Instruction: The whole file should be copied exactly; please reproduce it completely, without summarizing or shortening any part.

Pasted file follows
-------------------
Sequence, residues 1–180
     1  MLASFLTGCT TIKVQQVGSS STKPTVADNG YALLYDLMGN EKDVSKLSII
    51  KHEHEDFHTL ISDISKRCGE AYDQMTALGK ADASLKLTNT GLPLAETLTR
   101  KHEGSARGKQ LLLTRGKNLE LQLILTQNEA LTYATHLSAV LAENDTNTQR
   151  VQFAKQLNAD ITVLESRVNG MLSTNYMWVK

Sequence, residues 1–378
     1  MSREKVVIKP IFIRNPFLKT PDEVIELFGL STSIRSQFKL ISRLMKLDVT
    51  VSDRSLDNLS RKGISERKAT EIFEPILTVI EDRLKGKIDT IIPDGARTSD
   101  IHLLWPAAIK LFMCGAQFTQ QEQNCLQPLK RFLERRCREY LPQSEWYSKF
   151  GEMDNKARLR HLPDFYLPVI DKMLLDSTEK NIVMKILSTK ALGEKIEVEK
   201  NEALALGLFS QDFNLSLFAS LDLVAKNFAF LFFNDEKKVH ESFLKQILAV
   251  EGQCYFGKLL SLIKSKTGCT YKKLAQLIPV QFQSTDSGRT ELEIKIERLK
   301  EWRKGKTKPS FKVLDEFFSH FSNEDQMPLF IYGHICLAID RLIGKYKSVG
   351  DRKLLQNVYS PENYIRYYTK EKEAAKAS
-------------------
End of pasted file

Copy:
Sequence, residues 1–180
     1  MLASFLTGCT TIKVQQVGSS STKPTVADNG YALLYDLMGN EKDVSKLSII
    51  KHEHEDFHTL ISDISKRCGE AYDQMTALGK ADASLKLTNT GLPLAETLTR
   101  KHEGSARGKQ LLLTRGKNLE LQLILTQNEA LTYATHLSAV LAENDTNTQR
   151  VQFAKQLNAD ITVLESRVNG MLSTNYMWVK

Sequence, residues 1–378
     1  MSREKVVIKP IFIRNPFLKT PDEVIELFGL STSIRSQFKL ISRLMKLDVT
    51  VSDRSLDNLS RKGISERKAT EIFEPILTVI EDRLKGKIDT IIPDGARTSD
   101  IHLLWPAAIK LFMCGAQFTQ QEQNCLQPLK RFLERRCREY LPQSEWYSKF
   151  GEMDNKARLR HLPDFYLPVI DKMLLDSTEK NIVMKILSTK ALGEKIEVEK
   201  NEALALGLFS QDFNLSLFAS LDLVAKNFAF LFFNDEKKVH ESFLKQILAV
   251  EGQCYFGKLL SLIKSKTGCT YKKLAQLIPV QFQSTDSGRT ELEIKIERLK
   301  EWRKGKTKPS FKVLDEFFSH FSNEDQMPLF IYGHICLAID RLIGKYKSVG
   351  DRKLLQNVYS PENYIRYYTK EKEAAKAS